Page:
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An Open Letter to West Virginia Governor Joe Manchin: Taxpayers Count on Speedy Compliance with Grant Transparency Rules and Easy Access to Spending Information

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Dear Governor Manchin:

On behalf of the more than 1,900 West Virginia members of the National Taxpayers Union (NTU), I write in regard to a recent Legislative Auditor's special report that highlighted how most state agencies are not complying with grant reporting requirements set forth by a 2005 law you supported.

This transparency law stipulated that recipients of grants after October 1, 2005 must report on the amount of funds received and their purpose within 30 days of the grant's authorization or disbursement. Almost two years have gone by since this law was passed, and yet only 12 state agencies have reported any grant information. Many taxpayers are concerned about the slow rate of compliance, and we are counting on your help to ensure delinquent agencies provide this critical data as soon as possible.

The same report mentions that the Legislative Auditor will make a list of grant recipient eligibility (based on reporting compliance) available on the Legislature's website. I would also strongly urge you make the "who, what, where, when, why" reports filed by grant recipients publicly available on the Internet. For a good existing model of how this can be done, look to North Carolina's Office of the State Auditor, which provides residents with in-depth grant information on a website (www.ncauditor.net/WebProject/). Thanks to an increase in North Carolina's reporting requirements that also became effective in 2005, all nongovernmental entities receiving state or federal "pass-through" grants must complete reports on how the funds were used. Upon receipt of this information, the State Auditor then issues a yearly report with grant summaries by fund source, agency, county, and service type (in order to spur compliance, the Auditor's office publishes a monthly noncompliance list). The information freely provided by this website allows taxpayers to log on, browse, and make their own evaluations of the state's budget priorities. West Virginians would benefit from the same type of arrangement.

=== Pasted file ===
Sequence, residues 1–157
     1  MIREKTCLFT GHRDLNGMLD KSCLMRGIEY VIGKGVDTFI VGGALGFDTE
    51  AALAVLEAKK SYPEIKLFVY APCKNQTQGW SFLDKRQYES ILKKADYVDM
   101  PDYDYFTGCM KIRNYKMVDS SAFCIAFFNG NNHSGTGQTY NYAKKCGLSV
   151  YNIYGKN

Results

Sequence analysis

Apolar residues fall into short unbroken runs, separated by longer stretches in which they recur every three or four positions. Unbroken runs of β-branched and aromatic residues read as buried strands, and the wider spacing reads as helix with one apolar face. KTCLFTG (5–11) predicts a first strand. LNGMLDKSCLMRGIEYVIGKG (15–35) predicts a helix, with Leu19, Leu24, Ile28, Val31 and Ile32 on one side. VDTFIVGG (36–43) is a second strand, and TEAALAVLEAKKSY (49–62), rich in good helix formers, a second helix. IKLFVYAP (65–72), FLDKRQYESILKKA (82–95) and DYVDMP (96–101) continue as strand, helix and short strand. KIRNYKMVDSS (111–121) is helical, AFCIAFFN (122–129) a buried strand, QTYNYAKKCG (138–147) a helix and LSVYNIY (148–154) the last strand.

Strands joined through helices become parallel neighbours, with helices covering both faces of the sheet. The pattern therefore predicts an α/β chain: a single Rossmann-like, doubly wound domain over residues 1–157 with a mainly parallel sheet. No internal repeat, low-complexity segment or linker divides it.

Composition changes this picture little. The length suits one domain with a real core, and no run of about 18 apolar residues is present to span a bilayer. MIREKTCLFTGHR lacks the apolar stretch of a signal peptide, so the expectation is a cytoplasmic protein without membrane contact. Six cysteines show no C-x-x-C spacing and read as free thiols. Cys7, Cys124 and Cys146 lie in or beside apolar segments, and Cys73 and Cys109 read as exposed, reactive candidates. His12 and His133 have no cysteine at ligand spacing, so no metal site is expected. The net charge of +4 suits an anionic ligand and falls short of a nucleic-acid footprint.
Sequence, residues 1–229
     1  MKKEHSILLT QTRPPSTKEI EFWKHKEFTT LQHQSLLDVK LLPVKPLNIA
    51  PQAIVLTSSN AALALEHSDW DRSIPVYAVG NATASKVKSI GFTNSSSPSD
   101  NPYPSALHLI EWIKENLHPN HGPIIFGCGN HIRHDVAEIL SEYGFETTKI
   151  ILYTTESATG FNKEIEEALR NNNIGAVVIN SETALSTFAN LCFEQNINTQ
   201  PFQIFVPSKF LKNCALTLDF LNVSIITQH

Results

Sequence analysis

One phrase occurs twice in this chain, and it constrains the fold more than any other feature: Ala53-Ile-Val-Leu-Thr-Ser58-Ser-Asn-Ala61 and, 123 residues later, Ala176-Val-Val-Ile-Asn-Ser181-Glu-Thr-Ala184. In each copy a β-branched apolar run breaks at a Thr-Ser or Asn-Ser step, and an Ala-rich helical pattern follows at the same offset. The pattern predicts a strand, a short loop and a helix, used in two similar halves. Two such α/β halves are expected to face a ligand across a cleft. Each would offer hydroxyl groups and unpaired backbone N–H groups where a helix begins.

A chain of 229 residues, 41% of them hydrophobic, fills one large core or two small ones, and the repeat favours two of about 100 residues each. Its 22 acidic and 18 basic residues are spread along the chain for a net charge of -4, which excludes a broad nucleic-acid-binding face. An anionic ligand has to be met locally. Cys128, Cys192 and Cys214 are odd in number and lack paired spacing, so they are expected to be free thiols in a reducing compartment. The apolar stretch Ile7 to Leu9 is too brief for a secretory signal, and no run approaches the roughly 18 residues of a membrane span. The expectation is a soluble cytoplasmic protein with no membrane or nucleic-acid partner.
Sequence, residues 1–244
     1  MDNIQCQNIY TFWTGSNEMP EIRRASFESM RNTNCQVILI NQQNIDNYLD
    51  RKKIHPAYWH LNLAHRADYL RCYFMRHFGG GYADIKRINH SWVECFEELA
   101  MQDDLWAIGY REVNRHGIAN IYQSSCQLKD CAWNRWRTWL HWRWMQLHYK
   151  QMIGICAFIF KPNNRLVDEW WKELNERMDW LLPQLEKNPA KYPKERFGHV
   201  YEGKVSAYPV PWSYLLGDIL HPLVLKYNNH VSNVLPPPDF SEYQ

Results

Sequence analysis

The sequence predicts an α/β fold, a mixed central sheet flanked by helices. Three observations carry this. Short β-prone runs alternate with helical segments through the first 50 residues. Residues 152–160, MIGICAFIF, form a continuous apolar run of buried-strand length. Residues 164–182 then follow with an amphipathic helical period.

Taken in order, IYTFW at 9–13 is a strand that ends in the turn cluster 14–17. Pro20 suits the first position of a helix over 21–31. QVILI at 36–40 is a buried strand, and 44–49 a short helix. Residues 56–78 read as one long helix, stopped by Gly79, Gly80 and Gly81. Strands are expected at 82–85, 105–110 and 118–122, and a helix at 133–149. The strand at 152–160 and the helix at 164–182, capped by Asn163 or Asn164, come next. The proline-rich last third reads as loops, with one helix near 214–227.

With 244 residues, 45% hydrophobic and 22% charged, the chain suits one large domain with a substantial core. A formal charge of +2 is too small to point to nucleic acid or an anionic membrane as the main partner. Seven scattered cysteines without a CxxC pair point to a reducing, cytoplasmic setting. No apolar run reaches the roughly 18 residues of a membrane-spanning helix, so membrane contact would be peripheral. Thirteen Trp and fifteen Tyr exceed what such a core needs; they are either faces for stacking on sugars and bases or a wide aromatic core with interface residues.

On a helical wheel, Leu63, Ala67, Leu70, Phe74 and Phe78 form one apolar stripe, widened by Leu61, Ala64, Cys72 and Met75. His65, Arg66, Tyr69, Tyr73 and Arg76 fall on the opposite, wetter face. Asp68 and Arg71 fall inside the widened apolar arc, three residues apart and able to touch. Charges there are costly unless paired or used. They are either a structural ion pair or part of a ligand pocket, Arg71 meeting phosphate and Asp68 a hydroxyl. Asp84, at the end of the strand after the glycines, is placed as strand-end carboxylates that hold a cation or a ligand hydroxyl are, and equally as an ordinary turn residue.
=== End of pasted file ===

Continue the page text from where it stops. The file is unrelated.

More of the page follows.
As you may know, in 2006 President Bush signed S. 2590, the Federal Funding Accountability and Transparency Act, into law. Originally sponsored by Senators Tom Coburn (R-OK) and Barack Obama (D-IL), the bipartisan legislation directs the U.S. Office of Management and Budget to create a searchable online database (located at www.federalspending.gov) that the general public can use to track the flow of hundreds of billions of dollars in federal grant and contract expenditures.

Building on this success, a spending transparency movement is sweeping across the nation. NTU is one of the founding members of the "Show Me the Spending" coalition that was formed earlier this year to advocate for online spending databases in every state. Within the last few months, three states have passed laws to create searchable spending databases for the Internet. Minnesotans, for example, will soon have online access to information on state grants and contracts, while Kansans will be able to obtain information on all state expenditures.

Our members hope you will join this trend toward transparency by putting the grant audits up on a public website and consider making more types of state spending (such as contracts and regular appropriations) available to taxpayers on the Internet. You can find more information (including model legislation) about this concept at www.ShowMetheSpending.org. Please do not hesitate to contact me with any questions or comments ? we look forward to working with you to make state spending information available to everyone.

Sincerely,

Kristina Rasmussen
Director of Government Affairs